Jim Boeheim’s legendary basketball coaching career comes to an end
Boeheim's legendary coaching career ends
Hall of Fame coach Jim Boeheim’s 47 years as Syracuse’s head coach and six decades with the Orange came to close Wednesday.
Associate head coach Adrian Autry, who played for Boeheim from 1990-94 and returned to SU as assistant coach in 2011, was named the Orange’s new head coach.
After growing up an hour west of Syracuse in Lyons, Boeheim enrolled at SU in 1962 and joined the basketball team as a walk-on. He would become team captain by his senior year along with future NBA Hall of Famer David Bing. In 1969, Boeheim was hired as a graduate assistant and in 1976 was named head coach.
In his tenure as head coach, Boeheim won one national championship in 2003 and made appearances in the NCAA tournament 34 times including five Final Four appearances, most recently in 2016.
Boeheim reigns as the second winningest Division I head coach in history with 1,016 wins, one spot behind former Duke coach Mike Krzyzewski (1,202).
“There is no doubt in my mind that without Jim Boeheim, Syracuse basketball would not be the powerhouse program it is today,” SU Chancellor Kent Syverud said in an university press release.
Autry played under Boeheim for the Orange from 1990-1994, and three of those four years SU went to the NCAA tournament.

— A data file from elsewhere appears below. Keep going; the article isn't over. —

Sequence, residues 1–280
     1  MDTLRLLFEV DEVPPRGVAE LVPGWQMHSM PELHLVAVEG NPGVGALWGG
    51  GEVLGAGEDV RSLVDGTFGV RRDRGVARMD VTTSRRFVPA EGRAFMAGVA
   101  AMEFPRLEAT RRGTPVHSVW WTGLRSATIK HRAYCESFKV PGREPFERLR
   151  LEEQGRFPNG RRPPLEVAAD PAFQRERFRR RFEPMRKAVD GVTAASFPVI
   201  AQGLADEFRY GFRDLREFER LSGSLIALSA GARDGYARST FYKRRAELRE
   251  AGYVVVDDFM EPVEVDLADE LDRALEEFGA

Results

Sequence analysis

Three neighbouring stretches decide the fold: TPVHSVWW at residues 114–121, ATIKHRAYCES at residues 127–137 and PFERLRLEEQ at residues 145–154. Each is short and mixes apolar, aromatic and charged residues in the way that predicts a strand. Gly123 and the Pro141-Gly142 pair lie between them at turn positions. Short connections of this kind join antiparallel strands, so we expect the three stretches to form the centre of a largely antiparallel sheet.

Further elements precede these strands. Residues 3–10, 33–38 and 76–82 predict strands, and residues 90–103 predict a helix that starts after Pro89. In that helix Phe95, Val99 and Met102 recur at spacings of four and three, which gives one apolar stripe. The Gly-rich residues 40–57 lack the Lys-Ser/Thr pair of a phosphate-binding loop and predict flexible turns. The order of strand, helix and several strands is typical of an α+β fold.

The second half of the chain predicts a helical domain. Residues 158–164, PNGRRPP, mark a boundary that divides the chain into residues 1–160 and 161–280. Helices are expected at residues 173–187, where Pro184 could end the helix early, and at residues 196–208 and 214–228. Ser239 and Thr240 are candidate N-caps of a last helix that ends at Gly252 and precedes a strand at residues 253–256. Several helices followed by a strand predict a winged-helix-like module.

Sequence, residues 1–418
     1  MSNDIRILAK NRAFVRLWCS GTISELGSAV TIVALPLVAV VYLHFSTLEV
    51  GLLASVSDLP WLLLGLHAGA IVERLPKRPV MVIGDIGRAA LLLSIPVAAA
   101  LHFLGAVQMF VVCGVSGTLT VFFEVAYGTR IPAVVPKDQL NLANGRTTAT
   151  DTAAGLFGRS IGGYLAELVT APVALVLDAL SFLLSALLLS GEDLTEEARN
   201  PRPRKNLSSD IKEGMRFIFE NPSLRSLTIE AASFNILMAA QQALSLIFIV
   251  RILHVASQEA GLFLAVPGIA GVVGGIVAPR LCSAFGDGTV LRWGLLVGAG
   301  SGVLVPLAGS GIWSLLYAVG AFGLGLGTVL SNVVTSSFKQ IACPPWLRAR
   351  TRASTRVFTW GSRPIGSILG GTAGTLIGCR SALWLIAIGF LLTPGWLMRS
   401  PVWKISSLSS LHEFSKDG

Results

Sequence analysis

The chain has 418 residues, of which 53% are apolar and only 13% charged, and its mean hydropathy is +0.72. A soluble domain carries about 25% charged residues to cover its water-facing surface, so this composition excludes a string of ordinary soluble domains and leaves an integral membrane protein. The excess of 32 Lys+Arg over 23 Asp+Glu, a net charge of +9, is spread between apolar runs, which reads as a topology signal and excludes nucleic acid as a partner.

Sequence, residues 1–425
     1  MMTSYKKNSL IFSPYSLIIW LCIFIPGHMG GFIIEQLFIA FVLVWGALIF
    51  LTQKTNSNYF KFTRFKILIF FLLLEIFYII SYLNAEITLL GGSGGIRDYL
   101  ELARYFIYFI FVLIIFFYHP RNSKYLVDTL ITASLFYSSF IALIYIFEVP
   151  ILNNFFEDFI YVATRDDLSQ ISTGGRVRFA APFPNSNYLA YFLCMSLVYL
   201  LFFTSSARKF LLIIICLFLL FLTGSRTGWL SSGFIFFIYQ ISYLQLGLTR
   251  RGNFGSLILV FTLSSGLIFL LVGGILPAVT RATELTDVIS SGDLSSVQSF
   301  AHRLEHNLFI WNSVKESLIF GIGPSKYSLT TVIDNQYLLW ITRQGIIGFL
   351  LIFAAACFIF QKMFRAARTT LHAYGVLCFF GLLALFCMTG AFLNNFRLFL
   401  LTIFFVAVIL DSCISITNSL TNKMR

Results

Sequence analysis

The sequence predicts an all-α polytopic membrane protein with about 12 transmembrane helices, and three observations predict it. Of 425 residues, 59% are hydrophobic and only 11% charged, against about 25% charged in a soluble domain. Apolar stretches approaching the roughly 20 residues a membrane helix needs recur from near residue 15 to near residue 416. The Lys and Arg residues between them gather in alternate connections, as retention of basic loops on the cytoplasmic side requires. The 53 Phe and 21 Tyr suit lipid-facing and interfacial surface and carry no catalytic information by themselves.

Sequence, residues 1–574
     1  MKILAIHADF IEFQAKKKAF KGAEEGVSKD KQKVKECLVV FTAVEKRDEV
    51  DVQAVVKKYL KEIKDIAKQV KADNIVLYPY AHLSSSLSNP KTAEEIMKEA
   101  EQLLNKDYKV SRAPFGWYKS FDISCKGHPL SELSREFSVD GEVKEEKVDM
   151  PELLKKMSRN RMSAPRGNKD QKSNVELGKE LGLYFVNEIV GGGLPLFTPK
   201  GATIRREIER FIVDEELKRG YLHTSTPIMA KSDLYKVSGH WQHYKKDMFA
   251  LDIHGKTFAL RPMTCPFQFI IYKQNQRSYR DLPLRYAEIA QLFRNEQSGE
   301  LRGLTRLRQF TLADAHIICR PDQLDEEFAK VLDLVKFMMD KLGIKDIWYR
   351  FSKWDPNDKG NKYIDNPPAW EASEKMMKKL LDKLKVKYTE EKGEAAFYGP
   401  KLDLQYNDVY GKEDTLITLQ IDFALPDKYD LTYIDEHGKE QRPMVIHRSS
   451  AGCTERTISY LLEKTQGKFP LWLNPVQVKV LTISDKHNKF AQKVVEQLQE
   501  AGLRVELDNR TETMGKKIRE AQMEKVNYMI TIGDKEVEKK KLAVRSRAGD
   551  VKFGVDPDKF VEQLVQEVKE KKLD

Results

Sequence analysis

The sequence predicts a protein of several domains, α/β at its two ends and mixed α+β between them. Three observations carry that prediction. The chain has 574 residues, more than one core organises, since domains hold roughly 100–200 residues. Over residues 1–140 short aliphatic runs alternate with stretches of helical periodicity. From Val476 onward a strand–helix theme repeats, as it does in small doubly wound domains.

After graduating from Syracuse, Autry played on multiple European league teams and in the United States Basketball League. He went on to start his coaching career in 2006 as associate head coach at Bishop Ireton Catholic High School in Virginia.
After coaching on the AAU and high school levels, Autry transitioned into a director of basketball operations role at Virginia Tech where he later was promoted to assistant coach.
He was hired as an assistant coach for SU’s team before the the 2011-12 season and then promoted to associate head coach in March 2017.
“I have spent much of my time in the game of basketball learning from Jim (Boeheim) and am so grateful to him for preparing me to carry on the winning tradition that is Orange basketball,” Autry said per university press release. “It’s hard to imagine a world without him on the bench, but together with our coaches, student-athletes and fans, we will build on decades of successes as a winning program.”
SU students react to Boeheim’s exit
As the news broke late Wednesday afternoon, students expressed mixed feelings about the long-running head coach’s departure including some who said it was long overdue.
“I feel like it’s about time,” information management and technology senior Mikayla Flynn said. “He kind of overstayed his welcome. My whole family are big Syracuse fans. My mom went to Syracuse and even she said she felt as though it was time for him to retire.”
Economics senior Andrew Smyrak said SU basketball benefitted from Boeheim’s legacy
“I would say if he still stayed, he brings a lot of the recruits,” Smyrak said. “We just have to see what the next few years is like.”
Sophomore Raymond Beacom is trying to look on the bright side of things.